The Oregon Senate passed SB 754 on March 23 by a bipartisan vote of 19-8. If the bill passes the House and is signed by Governor Kate Brown, the minimum age for buying tobacco products will be raised from 18 to 21. Not everyone is thrilled, but they probably should be.
Sponsored largely by Senator Elizabeth Steiner Hayward of District 17, the bill furthers her goal of protecting Oregon families. Its bipartisan support demonstrates the importance of preventing youngsters from possessing addictive substances.
Critics of the bill pointed to the fact that Oregon might lose out on revenue generated from the life-ruining habit. Proponents of the bill argue that raising taxes on tobacco products will offset that loss… oh, and the notion that less sick and dying people will be better for taxpayers and the economy.
The Oregon Health Authority website displays plenty of research. Here are some highlights from 2014: Oregon experienced 7,126 tobacco-related deaths, had nearly 140,000 people with serious tobacco-induced illness, and spent $1.4 million on medical care for tobacco users. Benton County lost 95 individuals while another 1,857 succumbed to tobacco-related illness. Since 2014, Oregon’s tobacco medical bill has increased by nearly $1 million.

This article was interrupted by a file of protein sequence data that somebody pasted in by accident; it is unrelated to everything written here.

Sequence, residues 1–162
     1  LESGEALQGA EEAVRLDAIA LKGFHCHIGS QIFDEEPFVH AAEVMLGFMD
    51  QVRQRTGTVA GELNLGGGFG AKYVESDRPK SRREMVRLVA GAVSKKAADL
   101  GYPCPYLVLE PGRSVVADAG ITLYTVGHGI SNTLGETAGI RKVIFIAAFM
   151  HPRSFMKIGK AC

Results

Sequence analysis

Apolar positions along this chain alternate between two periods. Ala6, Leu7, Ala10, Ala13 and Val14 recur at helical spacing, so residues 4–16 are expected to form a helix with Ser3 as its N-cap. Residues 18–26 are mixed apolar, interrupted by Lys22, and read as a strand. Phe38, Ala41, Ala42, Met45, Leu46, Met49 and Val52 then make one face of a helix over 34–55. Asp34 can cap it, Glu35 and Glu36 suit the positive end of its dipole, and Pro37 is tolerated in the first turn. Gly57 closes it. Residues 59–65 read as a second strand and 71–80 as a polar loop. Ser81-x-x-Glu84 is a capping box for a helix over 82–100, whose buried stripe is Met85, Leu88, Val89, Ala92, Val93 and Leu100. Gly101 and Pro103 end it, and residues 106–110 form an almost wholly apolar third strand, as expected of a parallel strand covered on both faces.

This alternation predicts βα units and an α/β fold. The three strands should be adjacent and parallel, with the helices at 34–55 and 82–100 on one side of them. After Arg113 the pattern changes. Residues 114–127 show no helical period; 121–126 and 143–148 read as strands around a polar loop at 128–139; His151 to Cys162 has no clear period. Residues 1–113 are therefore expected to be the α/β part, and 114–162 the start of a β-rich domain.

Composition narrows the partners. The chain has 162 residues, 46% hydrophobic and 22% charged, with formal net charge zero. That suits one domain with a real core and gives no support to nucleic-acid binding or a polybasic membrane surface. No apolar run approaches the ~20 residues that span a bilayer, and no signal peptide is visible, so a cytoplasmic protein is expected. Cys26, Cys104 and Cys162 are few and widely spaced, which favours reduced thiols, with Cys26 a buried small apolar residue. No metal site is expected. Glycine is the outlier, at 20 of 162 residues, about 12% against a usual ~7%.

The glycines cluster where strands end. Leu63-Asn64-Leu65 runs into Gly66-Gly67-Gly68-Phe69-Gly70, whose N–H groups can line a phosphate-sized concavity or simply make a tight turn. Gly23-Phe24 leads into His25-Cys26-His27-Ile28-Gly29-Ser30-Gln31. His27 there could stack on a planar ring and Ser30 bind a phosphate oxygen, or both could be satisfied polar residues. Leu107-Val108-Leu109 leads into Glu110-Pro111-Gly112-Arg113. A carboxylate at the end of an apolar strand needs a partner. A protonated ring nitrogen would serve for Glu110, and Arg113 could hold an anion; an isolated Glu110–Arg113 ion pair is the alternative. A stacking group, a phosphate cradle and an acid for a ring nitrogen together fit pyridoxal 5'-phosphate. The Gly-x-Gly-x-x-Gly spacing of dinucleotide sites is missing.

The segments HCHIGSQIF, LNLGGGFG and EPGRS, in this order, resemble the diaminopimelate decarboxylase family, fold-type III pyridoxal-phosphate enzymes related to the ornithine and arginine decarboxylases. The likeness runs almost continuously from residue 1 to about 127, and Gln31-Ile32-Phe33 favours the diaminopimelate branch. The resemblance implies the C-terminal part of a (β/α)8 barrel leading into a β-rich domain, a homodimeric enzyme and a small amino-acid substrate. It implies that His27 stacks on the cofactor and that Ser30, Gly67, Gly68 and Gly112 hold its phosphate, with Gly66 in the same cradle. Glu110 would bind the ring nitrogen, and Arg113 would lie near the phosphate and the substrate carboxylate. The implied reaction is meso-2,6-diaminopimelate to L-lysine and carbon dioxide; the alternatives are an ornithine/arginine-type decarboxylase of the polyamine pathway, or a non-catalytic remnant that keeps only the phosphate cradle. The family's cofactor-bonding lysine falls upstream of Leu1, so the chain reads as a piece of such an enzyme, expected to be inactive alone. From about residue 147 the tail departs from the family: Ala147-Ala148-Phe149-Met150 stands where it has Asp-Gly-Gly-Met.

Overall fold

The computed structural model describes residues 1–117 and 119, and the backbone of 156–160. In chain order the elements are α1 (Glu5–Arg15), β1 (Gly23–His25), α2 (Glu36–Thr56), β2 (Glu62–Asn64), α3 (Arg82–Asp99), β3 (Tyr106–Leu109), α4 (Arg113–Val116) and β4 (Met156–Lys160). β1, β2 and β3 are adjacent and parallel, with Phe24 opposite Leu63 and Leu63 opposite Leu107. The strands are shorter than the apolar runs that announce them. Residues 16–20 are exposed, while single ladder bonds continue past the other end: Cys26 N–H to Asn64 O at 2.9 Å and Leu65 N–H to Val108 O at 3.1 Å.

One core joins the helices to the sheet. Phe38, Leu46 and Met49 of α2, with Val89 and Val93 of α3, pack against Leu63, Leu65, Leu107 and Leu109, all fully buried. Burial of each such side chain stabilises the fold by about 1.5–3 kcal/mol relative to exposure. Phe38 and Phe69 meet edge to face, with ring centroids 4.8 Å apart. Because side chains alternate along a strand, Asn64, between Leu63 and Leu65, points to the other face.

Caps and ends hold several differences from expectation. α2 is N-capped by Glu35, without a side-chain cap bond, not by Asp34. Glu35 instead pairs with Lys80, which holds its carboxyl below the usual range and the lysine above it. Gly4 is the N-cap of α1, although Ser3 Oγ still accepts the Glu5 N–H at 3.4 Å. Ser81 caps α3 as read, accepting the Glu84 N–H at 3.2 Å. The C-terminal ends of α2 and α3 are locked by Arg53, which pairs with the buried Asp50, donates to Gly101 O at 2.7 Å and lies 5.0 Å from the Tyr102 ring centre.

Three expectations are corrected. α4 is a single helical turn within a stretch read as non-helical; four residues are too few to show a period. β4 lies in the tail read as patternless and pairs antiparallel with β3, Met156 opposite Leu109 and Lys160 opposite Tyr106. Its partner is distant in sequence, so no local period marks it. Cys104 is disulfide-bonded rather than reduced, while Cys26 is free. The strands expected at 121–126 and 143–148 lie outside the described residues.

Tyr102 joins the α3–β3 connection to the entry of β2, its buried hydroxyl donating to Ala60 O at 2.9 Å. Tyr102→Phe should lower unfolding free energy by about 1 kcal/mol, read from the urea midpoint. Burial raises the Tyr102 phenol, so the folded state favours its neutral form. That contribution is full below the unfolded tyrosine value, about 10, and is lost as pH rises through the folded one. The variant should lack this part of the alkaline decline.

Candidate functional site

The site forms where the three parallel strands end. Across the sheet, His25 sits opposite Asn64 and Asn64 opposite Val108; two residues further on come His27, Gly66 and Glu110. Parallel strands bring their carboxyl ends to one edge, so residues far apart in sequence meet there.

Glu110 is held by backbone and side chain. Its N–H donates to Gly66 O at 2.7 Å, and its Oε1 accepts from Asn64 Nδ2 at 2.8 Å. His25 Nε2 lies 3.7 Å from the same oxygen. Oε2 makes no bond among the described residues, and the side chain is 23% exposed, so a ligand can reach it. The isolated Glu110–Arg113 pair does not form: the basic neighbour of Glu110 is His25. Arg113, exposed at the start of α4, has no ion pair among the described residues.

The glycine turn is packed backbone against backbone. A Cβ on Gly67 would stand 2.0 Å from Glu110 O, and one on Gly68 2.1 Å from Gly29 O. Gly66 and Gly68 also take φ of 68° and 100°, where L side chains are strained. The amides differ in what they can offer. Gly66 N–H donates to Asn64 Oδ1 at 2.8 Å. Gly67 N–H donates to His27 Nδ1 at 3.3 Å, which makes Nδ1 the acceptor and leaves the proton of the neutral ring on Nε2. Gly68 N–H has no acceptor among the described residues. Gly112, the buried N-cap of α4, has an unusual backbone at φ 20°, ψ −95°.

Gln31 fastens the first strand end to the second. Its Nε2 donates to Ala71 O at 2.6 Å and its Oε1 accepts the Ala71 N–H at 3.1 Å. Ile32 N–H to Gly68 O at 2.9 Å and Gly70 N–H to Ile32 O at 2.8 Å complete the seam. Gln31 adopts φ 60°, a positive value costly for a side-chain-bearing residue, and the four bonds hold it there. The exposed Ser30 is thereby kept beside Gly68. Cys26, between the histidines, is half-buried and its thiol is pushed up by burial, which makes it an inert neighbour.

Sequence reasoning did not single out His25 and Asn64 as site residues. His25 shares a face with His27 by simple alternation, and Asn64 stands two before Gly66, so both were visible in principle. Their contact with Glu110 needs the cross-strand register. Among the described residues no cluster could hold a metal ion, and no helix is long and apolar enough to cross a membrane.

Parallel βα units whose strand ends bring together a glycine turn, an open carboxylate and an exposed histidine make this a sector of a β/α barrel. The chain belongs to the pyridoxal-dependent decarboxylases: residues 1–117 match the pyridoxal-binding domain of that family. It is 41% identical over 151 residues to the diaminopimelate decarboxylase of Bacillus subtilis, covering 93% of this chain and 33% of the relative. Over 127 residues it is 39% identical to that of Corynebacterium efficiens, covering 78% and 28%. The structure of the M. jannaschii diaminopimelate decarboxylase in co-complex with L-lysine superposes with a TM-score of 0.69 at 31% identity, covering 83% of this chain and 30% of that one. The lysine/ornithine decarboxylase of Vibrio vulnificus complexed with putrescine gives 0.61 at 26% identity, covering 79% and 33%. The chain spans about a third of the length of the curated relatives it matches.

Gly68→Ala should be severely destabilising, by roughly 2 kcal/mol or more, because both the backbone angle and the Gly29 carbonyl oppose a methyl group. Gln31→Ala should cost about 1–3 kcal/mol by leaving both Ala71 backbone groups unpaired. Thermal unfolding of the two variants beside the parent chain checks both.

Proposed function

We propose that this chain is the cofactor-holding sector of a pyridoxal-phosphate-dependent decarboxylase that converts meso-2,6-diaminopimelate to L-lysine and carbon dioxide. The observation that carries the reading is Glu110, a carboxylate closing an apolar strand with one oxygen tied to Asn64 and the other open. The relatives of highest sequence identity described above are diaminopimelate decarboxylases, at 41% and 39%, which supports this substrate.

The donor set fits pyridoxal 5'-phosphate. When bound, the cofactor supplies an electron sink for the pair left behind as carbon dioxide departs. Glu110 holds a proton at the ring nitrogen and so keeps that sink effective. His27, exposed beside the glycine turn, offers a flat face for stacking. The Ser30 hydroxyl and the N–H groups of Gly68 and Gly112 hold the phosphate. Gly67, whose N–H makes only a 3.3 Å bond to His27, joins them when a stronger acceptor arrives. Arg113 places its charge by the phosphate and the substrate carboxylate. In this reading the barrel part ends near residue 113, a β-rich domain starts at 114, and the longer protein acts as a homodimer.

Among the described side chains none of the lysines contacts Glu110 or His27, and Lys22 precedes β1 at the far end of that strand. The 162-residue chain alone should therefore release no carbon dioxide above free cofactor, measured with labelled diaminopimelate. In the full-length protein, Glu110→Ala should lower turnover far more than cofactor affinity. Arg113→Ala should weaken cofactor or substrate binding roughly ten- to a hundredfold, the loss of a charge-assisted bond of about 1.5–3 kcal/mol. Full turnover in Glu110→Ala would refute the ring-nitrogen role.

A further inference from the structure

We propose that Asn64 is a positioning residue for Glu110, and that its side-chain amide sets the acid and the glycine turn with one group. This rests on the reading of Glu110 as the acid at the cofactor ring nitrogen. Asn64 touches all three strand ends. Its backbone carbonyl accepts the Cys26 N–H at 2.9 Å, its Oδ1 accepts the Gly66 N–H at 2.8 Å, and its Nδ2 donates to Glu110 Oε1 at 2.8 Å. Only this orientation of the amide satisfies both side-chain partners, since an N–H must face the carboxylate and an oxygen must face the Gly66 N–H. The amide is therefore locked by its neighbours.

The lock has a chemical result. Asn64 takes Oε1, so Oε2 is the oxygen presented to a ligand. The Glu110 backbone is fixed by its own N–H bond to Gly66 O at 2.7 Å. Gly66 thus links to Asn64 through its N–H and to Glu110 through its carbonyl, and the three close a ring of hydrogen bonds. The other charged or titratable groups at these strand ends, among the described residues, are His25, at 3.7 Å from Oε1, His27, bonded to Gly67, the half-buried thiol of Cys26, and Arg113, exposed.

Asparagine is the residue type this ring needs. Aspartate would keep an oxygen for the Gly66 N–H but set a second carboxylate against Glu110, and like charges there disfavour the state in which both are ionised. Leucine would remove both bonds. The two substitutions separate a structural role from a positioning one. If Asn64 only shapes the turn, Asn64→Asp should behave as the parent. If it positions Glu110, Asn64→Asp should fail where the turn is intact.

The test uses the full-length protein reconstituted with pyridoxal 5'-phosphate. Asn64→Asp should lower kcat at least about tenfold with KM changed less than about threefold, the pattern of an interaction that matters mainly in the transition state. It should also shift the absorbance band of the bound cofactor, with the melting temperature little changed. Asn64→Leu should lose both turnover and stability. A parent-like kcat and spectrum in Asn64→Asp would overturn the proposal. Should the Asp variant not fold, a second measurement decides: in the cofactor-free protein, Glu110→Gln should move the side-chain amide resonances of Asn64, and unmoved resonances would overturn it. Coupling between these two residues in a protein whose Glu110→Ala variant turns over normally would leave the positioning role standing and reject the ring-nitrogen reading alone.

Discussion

The good news is that since 1996, tobacco use among children and adults has dropped in a slightly bumpy, but overall consistent trend. Adults are now 25% less likely to be users while consumption among 8th and 11th graders has dropped by 80% and 65% respectively. In fact, according to Tobacco21.org, Oregon has one of the lowest rates of high school smokers in the country.
The argument has been made that tobacco use is a choice one makes for oneself. I can’t disagree, but if you have seen loved ones or friends suffer, then you know it’s not worth a few extra bucks in the state’s coffers and it certainly is not worth filling the pockets of some Big Tobacco a*s-hat. Luckily it would seem Oregon is largely on board and 2017 might be a good year to turn over a new leaf.
Check out tobacco21.org for more info and updates about what is going on in Oregon.
By Anthony Vitale